George Selgin has a new post discussing a paper he wrote with David Beckworth and Berrak Bahadir. In the paper they argue that the Fed set its policy rate too low during the early 2000s, and that this decision contributed to the subprime boom:

It is widely believed that, in the wake of the crash, the Fed kept the federal funds target rate too low for too long, inadvertently contributing to the subprime boom. We attribute this and other Fed departures from a “neutral” policy stance to the Fed’s failure to respond appropriately to exceptional rates of total factor productivity growth. We then show how the Fed, by adhering to a nominal GDP growth rate target, might have succeeded in maintaining such a neutral stance.

This is certainly a defensible claim, and I agree with the policy implications they draw from their analysis. Nonetheless, I am going to offer a few words of caution:

1. We should never leave the impression (even unintentionally) that sound monetary policy will prevent severe sectoral imbalances. It’s quite possible that a housing boom of almost equal size would have occurred during the early 2000s, even under a perfect NGDP targeting policy.

2. It’s dangerous to focus on interest rates, even if everyone else in the world insists on talking about monetary policy in terms of interest rates.

Here are some other claims about the housing “bubble” period, that I would argue push a little bit back against the view that the Fed played an important role:

1. Low interest rates don’t imply easy money, unless it can be established that they were below the Wicksellian equilibrium rate. And this can only be determined by looking at NGDP growth rates.

2. NGDP growth during the 2001:4 to 2007:4 expansion averaged well under 6%. At the time it was the lowest growth rate during any economic expansion since NGDP data collection began in the 1940s. In retrospect, NGDP growth during the early 2000s expansion probably should have been even less. However I’m reluctant to attribute major economic events to excessive NGDP growth in an economic expansion, when NGDP growth during that expansion was unusually slow.

3. Monetary policy is not a surgical tool that can be used to affect specific sectors of the economy. It can only affect any given sector by affecting the overall economy (NGDP.) Thus in 1928 and 1929 when the Fed tried to use higher interest rates to slow the stock market boom, and the policy was a complete failure until rates were raised so high that NGDP began plunging. Then stocks crashed. It wasn’t the high interest rates, it was the falling NGDP. If Fed policy contributed to the subprime boom, it was not from low interest rates, but rather excessive NGDP growth.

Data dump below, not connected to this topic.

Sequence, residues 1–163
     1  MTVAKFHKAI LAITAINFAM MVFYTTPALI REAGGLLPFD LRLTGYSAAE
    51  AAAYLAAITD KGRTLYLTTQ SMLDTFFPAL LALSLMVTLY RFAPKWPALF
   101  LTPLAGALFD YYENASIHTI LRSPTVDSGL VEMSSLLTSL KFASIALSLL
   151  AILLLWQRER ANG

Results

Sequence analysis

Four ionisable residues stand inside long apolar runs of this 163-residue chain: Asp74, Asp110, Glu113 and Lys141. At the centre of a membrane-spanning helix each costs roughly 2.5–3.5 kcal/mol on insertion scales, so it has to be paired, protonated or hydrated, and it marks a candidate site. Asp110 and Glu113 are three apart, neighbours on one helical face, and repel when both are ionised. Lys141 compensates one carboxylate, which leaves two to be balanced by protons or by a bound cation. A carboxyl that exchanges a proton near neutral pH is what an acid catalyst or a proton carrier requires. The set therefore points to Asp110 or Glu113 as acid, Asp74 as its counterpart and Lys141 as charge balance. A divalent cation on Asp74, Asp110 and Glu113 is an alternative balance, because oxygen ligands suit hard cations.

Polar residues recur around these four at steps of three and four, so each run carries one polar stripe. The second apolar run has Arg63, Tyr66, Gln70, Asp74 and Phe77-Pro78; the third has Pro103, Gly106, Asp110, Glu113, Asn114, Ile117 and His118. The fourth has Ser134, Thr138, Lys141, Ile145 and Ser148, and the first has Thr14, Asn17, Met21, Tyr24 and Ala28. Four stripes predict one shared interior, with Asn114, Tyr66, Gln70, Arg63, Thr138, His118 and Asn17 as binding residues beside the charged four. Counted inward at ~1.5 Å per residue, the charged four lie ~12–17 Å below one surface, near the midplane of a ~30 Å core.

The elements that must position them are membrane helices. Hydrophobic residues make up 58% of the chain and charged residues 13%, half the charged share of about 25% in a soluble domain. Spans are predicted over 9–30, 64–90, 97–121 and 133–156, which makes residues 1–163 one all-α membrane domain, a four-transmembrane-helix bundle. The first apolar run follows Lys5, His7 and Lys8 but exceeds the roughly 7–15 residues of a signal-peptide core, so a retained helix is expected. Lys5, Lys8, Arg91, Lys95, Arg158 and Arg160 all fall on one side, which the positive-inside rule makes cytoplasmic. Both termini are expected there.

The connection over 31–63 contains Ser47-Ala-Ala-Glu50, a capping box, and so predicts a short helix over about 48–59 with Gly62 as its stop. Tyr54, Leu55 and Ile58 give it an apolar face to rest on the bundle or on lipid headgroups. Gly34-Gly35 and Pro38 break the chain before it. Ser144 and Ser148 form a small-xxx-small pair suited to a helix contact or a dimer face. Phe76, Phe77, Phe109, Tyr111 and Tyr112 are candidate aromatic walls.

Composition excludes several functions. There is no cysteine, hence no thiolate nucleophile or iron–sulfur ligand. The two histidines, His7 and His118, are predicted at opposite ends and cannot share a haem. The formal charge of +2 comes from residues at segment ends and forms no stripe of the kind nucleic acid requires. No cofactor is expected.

4. If the Fed’s policy had aimed at slightly slower NGDP growth during 2001-07, then interest rates in the counterfactual policy would have been a bit higher in 2001-02, but substantially lower in 2003-07. In the long run rates tend to follow the economy, and that is why slower NGDP growth in 2001-07 would have implied lower interest rates by 2003-07. That’s something to think about if you believe low rates fed the housing boom by making mortgages “affordable.”

5. Even under an ideal monetary policy, the subprime boom might have occurred due to Federal government policies aimed at boosting mortgage lending (FDIC, GSEs, TBTF, CRA, etc.) and/or mistakes made by private sector lenders. There doesn’t seem to be much correlation between easy money and what are viewed as “bubbles,” indeed bubbles were noticeably absent in the Great Inflation of 1966-81, and the 1928-29 stock boom occurred during a period of mild deflation and extremely high real interest rates. (In fairness, NGDP growth was probably reasonably good in 1928-29.)

None of this should be viewed as criticism of the key analytical points in their article. Fed policy is too expansionary during periods of rapid productivity growth because the Fed focuses on inflation, rather than NGDP growth. With a policy of NGDP targeting, level targeting, the past 15 years would have been far more stable. However in my view that extra stability would come more from easier money after 2007 than tighter money before 2007.

PS. I put the term “bubble” in quotation marks because I don’t really believe in bubbles. I’m referring to periods that other people view as bubbles.